Others missed out on the fact that it was an auction and would only stay open for 24 hours.  When they said they would get back to us next week, I had to tell them forcefully that there was no point as the house would be sold by then.  We had already had two 'book offers' on or just above the reserve price so even if none of the 18 sets of viewers had been interested we could have gone back to them.  Perhaps the company needs to be even more explicit about how it runs these sales, but people also need to wake up and understand what they are getting themselves into.  It was almost like turning up at a car auction and expecting to be able to negotiate a deal as you would at a dealership.  For us, it worked out fine.  By 11.00 the next morning when the bidding closed, we had an offer of £195,000 (245,700; US$302,250), so much better than what we had had by the traditional methods.  Of course, it is far less than the £217,000 we were offered but never received last year let alone the £240,000 (302,400; US$372,000) we paid for it in 2005, but the property market and our own circumstances are far worse then then.  It is better to get anything rather than have the building society take the house from you.  The one drawback from this method is that you get no deposit so we have had to go and borrow more money so that we can each put down a deposit on a flat to rent.  Anyway, my brief and tortuous period as a property owner now finally closes and so means I cannot take out one of these new government loans to pay for my care when I am elderly and I continue my rapid fall out of the middle classes.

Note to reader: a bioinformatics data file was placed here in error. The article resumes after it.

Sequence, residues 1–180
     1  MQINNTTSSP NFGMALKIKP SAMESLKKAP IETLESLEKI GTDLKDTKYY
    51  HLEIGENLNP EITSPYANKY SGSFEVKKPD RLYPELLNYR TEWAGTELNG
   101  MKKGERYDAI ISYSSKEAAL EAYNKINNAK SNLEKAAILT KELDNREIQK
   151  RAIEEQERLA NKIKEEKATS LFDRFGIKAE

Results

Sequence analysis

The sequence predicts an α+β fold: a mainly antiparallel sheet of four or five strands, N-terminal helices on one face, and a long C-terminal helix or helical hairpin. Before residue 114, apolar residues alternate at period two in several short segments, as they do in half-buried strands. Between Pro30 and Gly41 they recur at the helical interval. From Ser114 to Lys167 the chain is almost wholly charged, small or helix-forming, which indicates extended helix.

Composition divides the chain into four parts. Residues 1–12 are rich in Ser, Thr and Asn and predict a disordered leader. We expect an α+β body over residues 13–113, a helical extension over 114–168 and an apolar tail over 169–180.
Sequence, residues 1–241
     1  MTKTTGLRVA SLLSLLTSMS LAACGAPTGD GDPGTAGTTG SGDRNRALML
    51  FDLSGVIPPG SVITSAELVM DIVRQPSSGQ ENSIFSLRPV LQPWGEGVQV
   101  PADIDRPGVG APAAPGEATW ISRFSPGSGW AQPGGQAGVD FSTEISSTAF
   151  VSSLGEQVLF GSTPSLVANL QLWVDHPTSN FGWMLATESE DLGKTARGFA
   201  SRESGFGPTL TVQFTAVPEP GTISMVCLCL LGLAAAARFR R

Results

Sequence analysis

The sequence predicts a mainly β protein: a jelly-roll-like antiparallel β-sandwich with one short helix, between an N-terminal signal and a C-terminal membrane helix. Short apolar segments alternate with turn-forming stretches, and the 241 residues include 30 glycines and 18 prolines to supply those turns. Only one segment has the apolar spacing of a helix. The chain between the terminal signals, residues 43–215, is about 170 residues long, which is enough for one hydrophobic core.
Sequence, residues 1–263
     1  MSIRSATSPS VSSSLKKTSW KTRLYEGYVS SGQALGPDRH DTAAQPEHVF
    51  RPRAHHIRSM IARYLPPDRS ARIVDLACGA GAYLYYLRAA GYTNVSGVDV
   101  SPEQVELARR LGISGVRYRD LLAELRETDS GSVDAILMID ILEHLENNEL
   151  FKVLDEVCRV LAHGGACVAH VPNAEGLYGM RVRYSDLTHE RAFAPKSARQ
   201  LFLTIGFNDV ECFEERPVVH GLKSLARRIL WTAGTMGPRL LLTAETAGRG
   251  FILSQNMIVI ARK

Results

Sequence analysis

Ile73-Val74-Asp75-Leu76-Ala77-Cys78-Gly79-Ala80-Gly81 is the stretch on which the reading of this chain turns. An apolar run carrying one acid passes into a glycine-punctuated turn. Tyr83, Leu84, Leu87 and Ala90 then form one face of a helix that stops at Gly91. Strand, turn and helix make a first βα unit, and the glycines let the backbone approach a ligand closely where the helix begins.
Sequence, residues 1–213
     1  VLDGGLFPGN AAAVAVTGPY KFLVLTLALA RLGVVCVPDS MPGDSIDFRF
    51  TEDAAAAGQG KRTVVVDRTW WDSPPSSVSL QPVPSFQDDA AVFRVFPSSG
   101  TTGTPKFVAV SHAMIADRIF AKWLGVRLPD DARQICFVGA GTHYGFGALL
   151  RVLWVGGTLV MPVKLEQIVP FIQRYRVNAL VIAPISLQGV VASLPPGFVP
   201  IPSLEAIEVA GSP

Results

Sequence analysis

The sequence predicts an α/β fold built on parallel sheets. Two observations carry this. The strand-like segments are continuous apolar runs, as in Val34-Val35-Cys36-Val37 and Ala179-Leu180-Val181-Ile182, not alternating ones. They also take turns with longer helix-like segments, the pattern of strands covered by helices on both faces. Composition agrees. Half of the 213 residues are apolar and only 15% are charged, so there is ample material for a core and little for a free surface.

P.P. 13/09/2012
The process proved to be even more messy and unpleasant than I might have feared.  It turned out that the highest bidder had actually lied to the estate agents and was actually in a chain so when it came to progress the sale she was not in a position to do so.  We ended up with the third highest bidder, the second having gone on to spend their money elsewhere in the time we were being mucked around by the first bidder.  This third bidder was offering £182,000 compared to the £195,000 of the first bidder.  However, we had no choice but to accept.  Of course within three days of the exchange of contracts he insisted on reducing his offer.  He had seen that a derelict house in the same road had sold for £170,000, though neglecting to point out that three months later, when it was refurbished it sold for £247,000.  He was clearly upset that he had not seen the house at a cheaper price and decided to take it out on us.  Despite the fact that he had already arranged a loan for £182,000 and the documentation was with our solicitors he withdrew this.  The estate agent probably conscious that their commission was dropping like a stone, managed after 3 hours of negotiation to keep him at £172,000, losing us a further £10,000 and meaning we are now worse off than when we were offered £170,000 by a developer without the estate agent fees.  These men are going to turn £70,000 profit in less than 3 months as the house does not need to be refurbished, but as I have noted before: they feel insulted if they have not been able to squeeze out extra money at the last moment.  The auction process looked like it could deliver for us, but in the UK with those with wealth able to dictate in every transaction, taking such a personal attitude to everything and being determined not only to get the best deal, but as much more as they can squeeze, it is no better ultimately than a normal sale. 

I am just denigrated so much by people I am trying to business with as stupid and naive that I have come out of this feeling utterly dirty.  In Britain if you are an ordinary person, you are no longer permitted simply to buy and sell anything, whether a gift on eBay or a house without you being told that you must show such gratitude for being ripped off and accept that any buyer will come back to take more from you before the sale is done.